Central Vermont Medical Center,Central Vermont Medical Center s Outpatient Anticoagulation Coumadin Clinic provides patients with a complete and organized approach to anticoagulation therapy, using established protocols. Protocols to manage therapy are followed by anticoagulation clinic nurses under the medical supervision of Dr. David Ospina. A comprehensive assessment by a registered nurse along with intervention and education provide patients the tools they need to have successful outcomes.Physicians prescribe the anticoagulation medication coumadin to reduce the blood s tendency to form clots. It is important to regularly check the medication s effect to ensure that the patient s blood is not too thin or too thick. Therefore physicians will provide a referral to the clinic and set up a patient s first appointment.The clinic is located in the CVMC Ambulatory Care Unit (ACU) located immediately off of the main lobby. Patients first go to registration and then to the ACU waiting room. The clinic is open Mondays, Wednesdays and Fridays from 8:00 a.m. to 4:30 p.m., except on holidays.Medicare and most major insurance companies cover clinic visits with varying co-pay amounts. Check with Medicare or your insurance company for details.
PreviousSeattle Mariners special assistant to the chairman Ichiro Suzuki, center, greets teammates after the Mariners defeated the Los Angeles Angels 6-3 in a baseball game, Tuesday, June 12, 2018, in Seattle. (AP Photo/Ted S. Warren)Los Angeles Angels center fielder Mike Trout leaps for and catches a ball hit by Seattle Mariners’ Nelson Cruz during the third inning of a baseball game, Tuesday, June 12, 2018, in Seattle. (AP Photo/Ted S. Warren)SEATTLE, WA – JUNE 12: Jaime Barria #51 of the Los Angeles Angels of Anaheim delivers against the Seattle Mariners in the first inning at Safeco Field on June 12, 2018 in Seattle, Washington. (Photo by Lindsey Wasson/Getty Images) SoundThe gallery will resume insecondsSeattle Mariners’ Mitch Haniger follows through on a solo home run against the Los Angeles Angels during the first inning of a baseball game Tuesday, June 12, 2018, in Seattle. (AP Photo/Ted S. Warren)Seattle Mariners’ Mitch Haniger (17) is greeted at the dugout by Dee Gordon, right, after Haniger hit a solo home run against the Los Angeles Angels during the first inning of a baseball game Tuesday, June 12, 2018, in Seattle. (AP Photo/Ted S. Warren)Los Angeles Angels starting pitcher Jaime Barria throws to a Seattle Mariners batter during the first inning of a baseball game Tuesday, June 12, 2018, in Seattle. (AP Photo/Ted S. Warren)Seattle Mariners starting pitcher Mike Leake throws to a Los Angeles Angels batter during the first inning of a baseball game Tuesday, June 12, 2018, in Seattle. (AP Photo/Ted S. Warren)SEATTLE, WA – JUNE 12: Albert Pujols #5 of the Los Angeles Angels of Anaheim strikes out against Mike Leake #8 of the Seattle Mariners in the fifth inningat Safeco Field on June 12, 2018 in Seattle, Washington. (Photo by Lindsey Wasson/Getty Images)Los Angeles Angels’ Mike Trout watches his solo home run against the Seattle Mariners during the fifth inning of a baseball game Tuesday, June 12, 2018, in Seattle. (AP Photo/Ted S. Warren)SEATTLE, WA – JUNE 12: Mike Trout #27 of the Los Angeles Angels of Anaheim hits a home run off of Ryan Cook #46 of the Seattle Mariners in the seventh inning at Safeco Field on June 12, 2018 in Seattle, Washington. (Photo by Lindsey Wasson/Getty Images)Seattle Mariners left fielder Ben Gamel loses his glove after he jumped but failed to catch a solo home run hit by Los Angeles Angels’ Mike Trout during the fifth inning of a baseball game Tuesday, June 12, 2018, in Seattle. (AP Photo/Ted S. Warren)Los Angeles Angels’ Mike Trout rounds the bases as Seattle Mariners second baseman Dee Gordon rests behind him after Trout hit a two-run home run during the seventh inning of a baseball game, Tuesday, June 12, 2018, in Seattle. It was Trout’s second home run of the game. (AP Photo/Ted S. Warren)SEATTLE, WA – JUNE 12: Mike Trout #27 of the Los Angeles Angels of Anaheim rounds third after hitting a home run off of Mike Leake #8 of the Seattle Mariners in the fifth inning at Safeco Field on June 12, 2018 in Seattle, Washington. (Photo by Lindsey Wasson/Getty Images)SEATTLE, WA – JUNE 12: Ian Kinsler #3 of the Los Angeles Angels of Anaheim greets Mike Trout #27 after his home run in the seventh inning off of Ryan Cook #46 of the Seattle Mariners at Safeco Field on June 12, 2018 in Seattle, Washington. (Photo by Lindsey Wasson/Getty Images)SEATTLE, WA – JUNE 12: Mitch Haniger #17 of the Seattle Mariners hits a home run off of Jaime Barria #51 of the Los Angeles Angels of Anaheim in the fifth inning at Safeco Field on June 12, 2018 in Seattle, Washington. (Photo by Lindsey Wasson/Getty Images)Angels relief pitcher Oliver Drake, right, walks away from the mound as the Mariners’ Mitch Haniger rounds the bases after hitting a solo home run – his second of the game – during the eighth inning Tuesday night in Seattle. (AP Photo/Ted S. Warren)Seattle Mariners’ Dee Gordon, left, greets Mitch Haniger after Haniger hit a solo home run in the eighth inning of a baseball game against the Los Angeles Angels, Tuesday, June 12, 2018, in Seattle. Haniger also homered in the fifth inning as the Mariners won 6-3. (AP Photo/Ted S. Warren)Fans in the stands watch as Los Angeles Angels center fielder Mike Trout leaps for and catches a ball hit by Seattle Mariners’ Nelson Cruz during the third inning of a baseball game Tuesday, June 12, 2018, in Seattle. (AP Photo/Ted S. Warren)Seattle Mariners special assistant to the chairman Ichiro Suzuki, center, greets teammates after the Mariners defeated the Los Angeles Angels 6-3 in a baseball game, Tuesday, June 12, 2018, in Seattle. (AP Photo/Ted S. Warren)Los Angeles Angels center fielder Mike Trout leaps for and catches a ball hit by Seattle Mariners’ Nelson Cruz during the third inning of a baseball game, Tuesday, June 12, 2018, in Seattle. (AP Photo/Ted S. Warren)NextShow Caption1 of 18Los Angeles Angels center fielder Mike Trout leaps for and catches a ball hit by Seattle Mariners’ Nelson Cruz during the third inning of a baseball game, Tuesday, June 12, 2018, in Seattle. (AP Photo/Ted S. Warren)ExpandSEATTLE — Mike Trout did everything he could to carry the Angels on Tuesday.But a baseball team, as it turns out, is pretty heavy.Trout couldn’t do it by himself. The Angels lost 6-3 to the Seattle Mariners, despite Trout’s second straight two-homer game and his spectacular run-saving catch.Unfortunately for the Angels, the hitters besides Trout came up empty too often in the clutch, and four of the five pitchers gave up runs, including four homers. Jose Suarez’s rocky start sinks Angels in loss to Astros Clippers, Mavericks brace for the unknown in Game 4 Angels offense breaks out to split doubleheader with Astros After winning six in a row, the Angels have now lost three in a row, including the first two of this series against the AL West-leading Mariners.“It’s tough,” Trout said. “We were playing good games. It seems like we go through a stretch and then have a couple bad games. (The Mariners) are hitting the ball well and they’re pitching good.”The Mariners have done enough to beat the Angels, even though they haven’t been able to stop Trout. He is now 14 for 22 with five homers against Seattle this season. His 31 homers against the Mariners in his career are his most against any opponent.“That’s a good club over there and they have a pretty good player on their team too,” Mariners manager Scott Servais said. “We saw it again tonight. Mr. Trout is really tough to pitch to. Some of the pitches he hit out tonight were kind of where we wanted to throw them and he still does damage.”Sign up for Home Turf and get 3 exclusive stories every SoCal sports fan must read, sent daily. Subscribe here.Mike Leake threw Trout an 0-and-2 slider below his knees in the fifth, and he hit it out. In the seventh, Ryan Cook threw a 2-and-2 changeup over the inner half, and Trout blasted it 412 feet. His two-run homer pulled the Angels within 4-3. “We just didn’t get anything going tonight,” Zack Cozart said. “Usually you have a couple guys in a slump and everyone else is carrying everything. Right now it feels like it’s more than a couple guys (in a slump), myself at the top of the list.“We’ll get it going. Our pitchers have been keeping us in the game so much. We can’t keep relying on them. We’ve got to start getting some stuff going offensively.”It wasn’t such a great night for the Angels pitchers either.Jaime Barría got hit hard over his five innings, and he was fortunate to get out of the game with only three runs allowed. The Mariners hit nine balls at 100 mph or harder against Barría. Two of them were homers by Mitch Haniger, a solo shot in the first and a two-run blast in the fifth.Barría would have given up at least one more run if Trout didn’t grab Nelson Cruz’s drive with a leaping catch at the fence in the third.“Jaime had to work hard,” Scioscia said. “Some of the mistakes caught up to him.” Mike Trout, with bat and glove, helps Angels end losing streak Angels’ Shohei Ohtani spending downtime working in outfield Those were all the Angels runs, though.“We’re more than Mike,” Angels manager Mike Scioscia said. “One guy can’t carry you. Mike is swinging the bat very well, but we need some other guys to get into their game.”The rest of the Angels combined for three hits, although they also hit a few balls hard that were right at fielders. Luis Valbuena had two of the hits, and he wasted one when he was thrown out at second trying to stretch his leadoff single in the sixth.The Angels were 1 for 7 with runners in scoring position, with Trout’s second homer being the only hit.Related Articles Newsroom GuidelinesNews TipsContact UsReport an Error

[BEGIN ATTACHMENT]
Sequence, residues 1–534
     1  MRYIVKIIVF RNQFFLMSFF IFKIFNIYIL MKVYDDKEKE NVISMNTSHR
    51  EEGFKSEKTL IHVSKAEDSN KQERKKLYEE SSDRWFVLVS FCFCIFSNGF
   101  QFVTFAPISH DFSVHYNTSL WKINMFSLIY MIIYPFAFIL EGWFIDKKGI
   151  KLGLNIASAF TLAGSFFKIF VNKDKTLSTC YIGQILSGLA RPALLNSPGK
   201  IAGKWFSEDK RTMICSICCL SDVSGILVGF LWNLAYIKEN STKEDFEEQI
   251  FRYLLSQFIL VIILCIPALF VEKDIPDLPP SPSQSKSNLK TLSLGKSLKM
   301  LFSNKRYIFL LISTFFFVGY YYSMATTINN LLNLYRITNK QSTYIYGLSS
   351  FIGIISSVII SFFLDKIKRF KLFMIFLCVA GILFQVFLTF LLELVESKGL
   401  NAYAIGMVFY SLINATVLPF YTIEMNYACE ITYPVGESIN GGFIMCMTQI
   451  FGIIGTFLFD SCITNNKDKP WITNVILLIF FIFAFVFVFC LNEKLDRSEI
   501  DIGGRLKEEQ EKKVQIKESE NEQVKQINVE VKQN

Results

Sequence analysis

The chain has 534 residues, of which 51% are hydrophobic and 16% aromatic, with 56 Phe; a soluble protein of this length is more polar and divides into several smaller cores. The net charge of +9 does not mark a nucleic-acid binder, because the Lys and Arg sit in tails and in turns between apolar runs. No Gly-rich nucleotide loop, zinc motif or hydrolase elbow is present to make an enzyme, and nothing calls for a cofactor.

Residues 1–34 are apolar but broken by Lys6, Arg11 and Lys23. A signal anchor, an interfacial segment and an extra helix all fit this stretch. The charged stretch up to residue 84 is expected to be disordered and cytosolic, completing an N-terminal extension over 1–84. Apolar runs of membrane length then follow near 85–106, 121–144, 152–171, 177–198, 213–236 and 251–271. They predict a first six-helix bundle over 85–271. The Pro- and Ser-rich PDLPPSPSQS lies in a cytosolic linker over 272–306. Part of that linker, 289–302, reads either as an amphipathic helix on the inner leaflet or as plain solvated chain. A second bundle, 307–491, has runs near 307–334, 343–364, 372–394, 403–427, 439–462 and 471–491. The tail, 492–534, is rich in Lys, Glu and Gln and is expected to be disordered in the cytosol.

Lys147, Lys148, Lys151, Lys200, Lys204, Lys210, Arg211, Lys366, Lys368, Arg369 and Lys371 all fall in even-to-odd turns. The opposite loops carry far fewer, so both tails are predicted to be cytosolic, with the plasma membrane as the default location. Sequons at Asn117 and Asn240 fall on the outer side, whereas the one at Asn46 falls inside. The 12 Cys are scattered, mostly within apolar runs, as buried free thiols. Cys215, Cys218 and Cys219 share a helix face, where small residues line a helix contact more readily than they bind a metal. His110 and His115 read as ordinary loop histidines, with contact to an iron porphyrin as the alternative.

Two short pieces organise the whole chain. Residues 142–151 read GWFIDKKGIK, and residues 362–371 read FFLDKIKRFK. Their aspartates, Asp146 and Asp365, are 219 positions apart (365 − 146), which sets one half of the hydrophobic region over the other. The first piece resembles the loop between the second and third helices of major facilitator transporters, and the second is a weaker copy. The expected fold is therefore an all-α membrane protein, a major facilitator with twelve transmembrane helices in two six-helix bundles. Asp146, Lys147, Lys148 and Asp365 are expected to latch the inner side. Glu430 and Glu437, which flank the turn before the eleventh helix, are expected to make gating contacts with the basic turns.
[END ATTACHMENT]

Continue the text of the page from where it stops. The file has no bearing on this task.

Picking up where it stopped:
The Lakers are in freefall, a needed, potentially fortuitous freefall that could land them a premium lottery pick in next summer’s draft.By now, you know the drill. The Lakers promised the Phoenix Suns a 2015 first-round pick in the Steve Nash trade. But the Lakers keep it if they finish within the top five of the lottery. They currently have the fourth-worst record in the NBA, meaning they have an 82.8% chance of staying in the top five, a 37.8% chance of landing in the top three and an 11.9% chance of getting the top pick overall. The Lakers’ rebuilding project depends on importing as many young, talented players as possible and adding them to a couple of established veterans via free agency or trades.The lottery pick, coupled with the first-round pick they get from the Houston Rockets from the Jeremy Lin trade and the two second-round picks they’ll likely have, means adding four players with upside to promising youngsters like Julius Randle and Jordan Clarkson. And with the money they will have to play with in free agency, they can add one or two impact veterans. By October, we could be looking at a completely different Lakers team.So while you keep one eye on the Lakers’ plunge, it’s probably time to start looking at whom the Lakers might be considering pick within the top five selections. And while they desperately needing a big-body presence to anchor the defense or an explosive playmaker, expect the Lakers to target an elite post player or a play-making wing or guard.With the help of two high-ranking NBA team executives who spoke on the condition of anonymity, here are five players the Lakers should be considering. JAHLIL OKAFORFreshman center, Duke, 6-11, 18.2 points, 9.3 rebounds, 1.5 blocks The lowdown: Without question, the most polished offensive big man available, and though there are questions about his ability to consistently protect the basket, his defense has improved during the course of his freshman season and he is an efficient rebounder. His calling card is an advanced, offensive game, an NBA body, big hands and terrific footwork. The Lakers have always built from the inside out, and in Okafor they’d have their center for the next decade.NBA executive: I think he’s going to go with the top pick. Does he have some aspects of his game that need to improve? Yes. But offensively, the way he can score in the low post, his foot work, and he’s actually a really good passer, he’s a very good rebounder and while he’s not a tremendous athlete, he’s sneaky. Are there other guys who can go before him? Maybe. Maybe if you have a big already on your roster, maybe you’d go in another direction or maybe you pick him anyway, just to have as an asset. I just don’t know if there are enough guys who can challenge him at this point.EMMANUEL MUDIAYPoint guard, China, 6-5, 17.7 points, 6.0 rebounds, 5.9 assistsThe lowdown: One of the true wild cards in the draft, Mudiay originally committed to Larry Brown and SMU but opted to play professionally in China this year. A minor ankle injury cut short his season after just 10 games — although some suspect a short season was the plan all along — curtailing his exposure to scouts. In the time he did play, Mudiay put up outstanding numbers. Coming out of high school, Mudiay was considered the potential top-pick overall while drawing comparisons to elite point guards like John Wall, Kyrie Irving and Derrick Rose. The Lakers desperately need a new star and dynamic playmaker, and Mudiay checks both boxes.NBA executive: Haven’t seen him since high school, but, you know, he’s talented. With the injury, it’s going to be interesting to see how he does in the draft just because teams might be a bit leery of drafting a guy like that without seeing him, and depending on whether he works out for them or not. I think he’ll still go pretty high, but it might hurt him that he’s injured. The guys you’re seeing now that are playing, let’s be honest, they’re getting more exposure. Of course, there’s something to be said sometimes about the mysterious guys. Sometimes that actually helps.D’ANGELO RUSSELLFreshman point guard, Ohio State, 6-5, 19.5 points, 5.9 rebounds, 5.4 assistsThe lowdown: No one is shooting up the draft board faster than Russell, an explosive, creative playmaker who is showing he can handle point-guard duties but also take over games with his scoring. Some wonder if he is tall enough to be an NBA two-guard — he is listed at 6-5 but some think he is closer to 6-3 or 6-4. Nevertheless, he’s been an awakening with his combination of scoring and passing ability. And at this point he’s a lock in the top five. In fact, with Mudiay still somewhat of a wild card on some boards, there are some who think Russell can overtake him as the second overall pick.NBA executive: I think he’s really made a push recently. He came in originally more as a two guard. And when we saw him in high school, at the McDonald’s All-America game and things like that, we saw him as a two. But now, the way he’s playing, I think he’s one of those guys that doesn’t really have a true position. He’s a combo guy. He can run a team, or at least make plays. He can score and make plays. He’s pretty unique. And that’s really boosting his stock because there aren’t a lot of point guards out there. People are looking at him, he’s 6-3, 6-4, and he rebounds, he shoots it pretty decently and he’s really good off the dribble. He can make plays and score off the dribble. The lack of point guards is helping him, and I think people are looking at him differently, someone they can convert to point guard in the NBA. He’s not quite big enough to be an NBA two, but he can run a team and he’s certainly creative enough off the dribble, and that’s I think what’s so intriguing about him. Russell is an impressive player, he can really go and he makes things happen. KARL-ANTHONY TOWNSFreshman center, Kentucky, 6-11, 9.0 points, 6.2 rebounds, 2.3 blocksThe lowdown: It’s tough sometimes getting a read on Kentucky players. There is so much talent in Lexington it forces individuals to sacrifice personal numbers and exposure for the good of the team. So don’t get caught up in the stats, they don’t tell the whole story. That said, Towns has flashed enough offensive game, defensive mastery and basketball I.Q. to thrust himself into top-five consideration. On the right team, he could develop into the premier player in this draft.NBA executive: I like him a lot. He’s probably the most skilled inside-outside kind of guy, for a big. I think he can make mid-range shots and threes. He’s pretty good around the basket. He’s a good athlete, although I’m not sure he’s a great athlete. He knows how to play, he’s got a high I.Q. One thing that’s underrated is his shot blocking. He plays on a team with a great shot-blocker, but he’s a pretty dang good shot-blocker himself. I think he can be a little bit stronger, add a little more strength. He’s not super chiseled, he’s sort of got that baby fat thing still going. But if he can improve his rebounding, and his defense — not just shot blocking but individual defense — it will help. He kind of reminds me a little bit of Al Horford in how he can step out and shoot. Al shoots more of a set shot, but from that 18-, 19-foot range he’s deadly. Al’s legs are spread out and he doesn’t jump, but his release is deadly and I think Towns has a little bit of that going on. He’s got a great stroke and he can hit college threes. I think a lot of guys were looking at him as a potential No. 1, but I think Okafor and some other guys have maybe nudged ahead of him. But I wouldn’t sleep on him.WILLIE CAULEY-STEINJunior center, Kentucky, 7-0, 8.9 points, 6.3 rebounds, 1.6 blocksThe lowdown: Again, if you play at Kentucky, expect to sacrifice some of your game. And in Cauley-Stein’s case, that means offense. However, there isn’t a prospect in the draft who can impact the defensive side of the court more than this elite, 7-foot athlete who flashes incredible speed, lateral quickness and shot-blocking ability that extends from the rim to the perimeter. Cauley-Stein would make an immediate impact with the Lakers on the defensive end — arguably their biggest weakness — while finishing on the break.NBA executive: I think he might be a sleeper. He’s going top 10 for sure, but I think guys like him, the way he can run and moreover his lateral quickness are off the chart. I’m not sure there are a lot of guys in the NBA, if any, that have that combination. He’s not super strong, he can definitely get stronger. And I know people criticize him offensively, but he’s a weapon because on pick-and-roll defense, he can guard the bigs but also switch down on the guard. He can play in front of guards. Maybe not for long periods but certainly enough in a shot clock or long enough for guys to rotate back and help them out. He can contain on the perimeter, even on some guards, and that’s a big weapon to have. Rim protectors and defenders like that are really at a premium. Look, if you had a great offensive team, he might be the No. 1 pick. But Okafor has all the footwork and huge hands and skill around the basket, but Stein is, and if you’re just talking (defense), that’s a huge component of being a good player. Most people would look at it like he isn’t great offensively. But he can run and finish and he’ll get better. I think his ability to defend and his ability to contain pick-and-roll, which is the staple of the NBA, makes him really, really intriguing.OTHERSStanley JohnsonFreshman small forward, Arizona, 6-7, 14.6 points, 6.8 reboundsKristaps PorzingisPower forward, Latvia, 7-0, 10.2 points, 4.6 reboundsKevon LooneyFreshman power forward, UCLA, 6-9, 12.3 points, 10.0 reboundsMyles TurnerFreshman power forward, Texas, 6-11, 11.0 points, 6.3 reboundsKelly OubreFreshman small forward, Kansas, 6-7, 8.2 points, 4.7 rebounds Newsroom GuidelinesNews TipsContact UsReport an Error